Play Live Radio
Next Up:
0:00 0:00
Available On Air Stations

Super Bowl LVIII is Usher's show


Now to the Super Bowl, where a beloved singer will be taking center stage on Sunday.


USHER: Peace up. A-Town down.

SHAPIRO: Usher, the chart-topping singer/songwriter, will be this year's halftime performer. It's his first time on stage at the Super Bowl since a guest appearance in 2011. So how will he squeeze 30 years of music into just 13 minutes? NPR music editor Sheldon Pearce is here to talk about it. Hey there.


SHAPIRO: What's Usher been up to these days?

PEARCE: Well, you know, Usher's stock is way up right now. It's sort of interesting. In the late 2010s, he was kind of just hanging around. He had a 2018 collaboration he released with the rap producer Zaytoven that felt pretty low-stakes and didn't quite land...


USHER: (Rapping) Till you been driving me crazy, till you been driving me crazy, who you been texting daily? Who you been texting daily?

PEARCE: ...And in 2019, he returned to his swiveling chair on "The Voice."

But post-pandemic, he has seen a bit of a resurgence. He had a viral moment right here at the Tiny Desk in 2022.


USHER: Watch this.


USHER: (Singing) Just when I thought I said all I can say, my chick on the side say she got one on the way. These are my confessions...

PEARCE: And he's been doing this residency in Las Vegas that has been really, really successful, and he had another stint in Paris. He just dropped an album ahead of this Super Bowl performance, and it almost feels like it exists primarily to bolster that performance.

SHAPIRO: What's the response to the new album been so far?

PEARCE: I think it's been pretty positive.


USHER: (Singing) Don't let this turn into a bop. Mi amor, ti adore - can't get you off my mind. I think about you all the time. Some days I lay in the dark and stay in the blind.

PEARCE: It's kind of what you would expect from Usher - this supreme display of professionalism and polish. It explores a lot of the familiar Usher modes, but with great skill - sort of running the gamut as a R&B masterclass. And since much of modern R&B is about vibes and atmosphere, it can be refreshing to hear a seasoned artist be so, like, craft-focused. At the center is the club-adjacent pop R&B he has trafficked in throughout the late stages of his career and with songs like "Keep On Dancing," which feels both sort of retro and modern at the same time.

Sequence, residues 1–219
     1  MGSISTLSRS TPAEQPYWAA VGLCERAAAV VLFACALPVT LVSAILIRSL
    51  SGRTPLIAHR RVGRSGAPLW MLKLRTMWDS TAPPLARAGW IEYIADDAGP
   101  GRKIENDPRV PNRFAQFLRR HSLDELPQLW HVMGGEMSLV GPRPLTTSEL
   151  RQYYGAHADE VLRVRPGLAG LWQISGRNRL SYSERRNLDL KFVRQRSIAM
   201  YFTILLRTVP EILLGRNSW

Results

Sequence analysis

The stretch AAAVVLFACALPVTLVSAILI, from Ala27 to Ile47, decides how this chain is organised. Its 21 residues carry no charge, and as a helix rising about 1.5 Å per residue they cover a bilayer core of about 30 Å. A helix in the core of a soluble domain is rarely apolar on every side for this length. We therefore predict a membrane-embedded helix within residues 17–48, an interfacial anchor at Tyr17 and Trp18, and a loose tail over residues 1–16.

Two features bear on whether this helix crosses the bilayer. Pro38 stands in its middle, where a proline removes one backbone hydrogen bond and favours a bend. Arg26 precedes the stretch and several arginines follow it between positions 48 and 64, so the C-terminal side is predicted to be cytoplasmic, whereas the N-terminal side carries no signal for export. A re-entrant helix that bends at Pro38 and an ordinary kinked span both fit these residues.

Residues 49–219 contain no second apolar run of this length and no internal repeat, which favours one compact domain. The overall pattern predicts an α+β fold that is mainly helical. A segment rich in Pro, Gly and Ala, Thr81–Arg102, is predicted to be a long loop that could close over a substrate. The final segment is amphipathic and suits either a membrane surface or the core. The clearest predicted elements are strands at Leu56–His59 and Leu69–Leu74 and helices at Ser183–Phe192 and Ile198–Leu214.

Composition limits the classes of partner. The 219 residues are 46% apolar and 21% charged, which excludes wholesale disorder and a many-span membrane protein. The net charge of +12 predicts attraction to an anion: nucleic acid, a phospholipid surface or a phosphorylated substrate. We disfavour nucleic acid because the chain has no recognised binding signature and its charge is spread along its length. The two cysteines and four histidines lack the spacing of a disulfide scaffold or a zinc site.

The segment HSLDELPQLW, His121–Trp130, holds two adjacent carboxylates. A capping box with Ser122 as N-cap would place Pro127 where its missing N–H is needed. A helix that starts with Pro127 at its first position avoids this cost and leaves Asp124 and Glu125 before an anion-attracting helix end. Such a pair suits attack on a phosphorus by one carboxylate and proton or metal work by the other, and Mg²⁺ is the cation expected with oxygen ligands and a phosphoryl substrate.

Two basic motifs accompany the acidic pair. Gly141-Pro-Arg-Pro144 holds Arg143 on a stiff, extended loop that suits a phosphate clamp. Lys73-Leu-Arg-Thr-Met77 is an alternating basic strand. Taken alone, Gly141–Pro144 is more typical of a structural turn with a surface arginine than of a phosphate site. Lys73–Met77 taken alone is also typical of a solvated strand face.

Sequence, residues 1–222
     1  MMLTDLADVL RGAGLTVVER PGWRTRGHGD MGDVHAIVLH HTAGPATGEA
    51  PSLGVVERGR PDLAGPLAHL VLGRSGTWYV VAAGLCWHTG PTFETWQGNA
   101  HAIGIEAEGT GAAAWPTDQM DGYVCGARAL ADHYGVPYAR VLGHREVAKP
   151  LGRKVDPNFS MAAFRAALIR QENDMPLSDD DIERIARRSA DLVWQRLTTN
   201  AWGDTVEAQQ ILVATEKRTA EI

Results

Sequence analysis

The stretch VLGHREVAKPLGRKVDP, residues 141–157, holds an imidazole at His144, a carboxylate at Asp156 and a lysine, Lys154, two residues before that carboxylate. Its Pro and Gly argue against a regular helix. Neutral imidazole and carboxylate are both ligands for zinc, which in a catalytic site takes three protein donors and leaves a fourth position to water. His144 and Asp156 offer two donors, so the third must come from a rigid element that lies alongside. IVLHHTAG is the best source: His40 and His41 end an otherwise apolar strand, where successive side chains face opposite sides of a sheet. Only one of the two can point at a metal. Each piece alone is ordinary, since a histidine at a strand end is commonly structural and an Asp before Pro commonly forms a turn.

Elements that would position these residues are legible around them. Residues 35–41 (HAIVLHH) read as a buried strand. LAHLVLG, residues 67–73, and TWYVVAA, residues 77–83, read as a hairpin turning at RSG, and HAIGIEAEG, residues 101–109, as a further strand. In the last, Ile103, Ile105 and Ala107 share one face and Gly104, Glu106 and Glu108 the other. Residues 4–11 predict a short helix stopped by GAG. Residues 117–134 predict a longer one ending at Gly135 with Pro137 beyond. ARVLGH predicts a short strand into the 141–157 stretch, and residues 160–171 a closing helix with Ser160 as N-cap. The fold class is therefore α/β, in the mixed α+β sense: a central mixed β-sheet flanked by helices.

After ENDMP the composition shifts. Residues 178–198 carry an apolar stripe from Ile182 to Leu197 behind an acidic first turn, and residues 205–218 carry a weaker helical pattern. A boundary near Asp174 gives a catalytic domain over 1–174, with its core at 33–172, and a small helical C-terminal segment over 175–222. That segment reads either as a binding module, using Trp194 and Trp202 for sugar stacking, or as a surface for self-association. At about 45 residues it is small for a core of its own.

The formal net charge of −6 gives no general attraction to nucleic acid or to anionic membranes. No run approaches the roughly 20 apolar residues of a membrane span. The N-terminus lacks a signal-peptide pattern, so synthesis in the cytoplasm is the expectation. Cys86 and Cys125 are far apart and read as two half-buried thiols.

USHER: (Singing) When the music goes off and the DJ's going home, get back out on that floor and keep on dancing. Got to keep on dancing. Even if the music stops...

PEARCE: Lyrics that speak directly to Usher's ethos of staying out on the dance floor as a metaphor for persevering through a turbulent romance - it all feels deeply connected to everything he's done up to this point.

SHAPIRO: Every Super Bowl performance is a little bit different, contains some surprises. Any guesses of what we should expect from Usher's?

PEARCE: Well, you know, I wouldn't be surprised to see Usher at least sort of test the waters for some of this new music, especially with a world tour coming up later this year. But I think his set will lean heavily on sort of the classics of his early discography. I wouldn't expect anything crazily groundbreaking - probably more in the realm of dramatic displays of virtuosity. He has a history of sort of connecting with the music of past entertainers. He's performed with James Brown, with Michael Jackson. At the 2020 Grammys, he did a tribute performance in the role of Prince.


USHER: (Singing) Don't have to be beautiful to turn me on.

PEARCE: So I do expect whatever he does to connect his legacy work with that of Black pop music in general.

SHAPIRO: Well, give us your predictions. What do you think is going to happen on Sunday?

PEARCE: Well, you know, I can't imagine a world in which he doesn't do "Yeah!" So maybe he brings out Lil Jon and Ludacris with him.

SHAPIRO: (Laughter).


USHER: (Rapping) Yeah.

LIL JON: (Rapping) Hey, hey, Luda (ph).

USHER: (Rapping) Yeah.

LUDACRIS: (Rapping) Watch out, my outfit's ridiculous. In the club looking so conspicuous...

PEARCE: And maybe there's an Alicia Keys duet in the works.


ALICIA KEYS: (Singing) I was there...

ALICIA KEYS AND USHER: (Singing) And you were my baby.

USHER: (Singing) It started when we were younger - you were mine.

PEARCE: But I really do think it'll play strongly off the Las Vegas residency, which - those sets leaned into him being sort of this grown and sexy performer - you know, super fit, abs out, gyrating, some level of theatricality, maybe pyrotechnics, backup dancers and the like. But he has also said that he wants to connect with and honor artists in this performance, and the Vegas residency did see him bringing out R&B performers across eras - Keith Sweat, Teddy Riley, Robin Thicke, Faith Evans and Ashanti, even - so perhaps there is something in store that puts his music in conversation with the broader R&B legacy. I think, in either case, he plans to put the typical glitz and pageantry of Vegas on full display.

SHAPIRO: NPR's Sheldon Pearce, thanks a lot.

PEARCE: Thank you.


USHER: (Singing) Cause baby, tonight, the DJ got us falling in love again - in love again. Yeah, baby, tonight, the DJ got us falling in love again - in love again. So dance, dance, like it's the last, last night of your life, life, gon' (ph) get you right. Transcript provided by NPR, Copyright NPR.

NPR transcripts are created on a rush deadline by an NPR contractor. This text may not be in its final form and may be updated or revised in the future. Accuracy and availability may vary. The authoritative record of NPR’s programming is the audio record.

Sheldon Pearce
[Copyright 2024 NPR]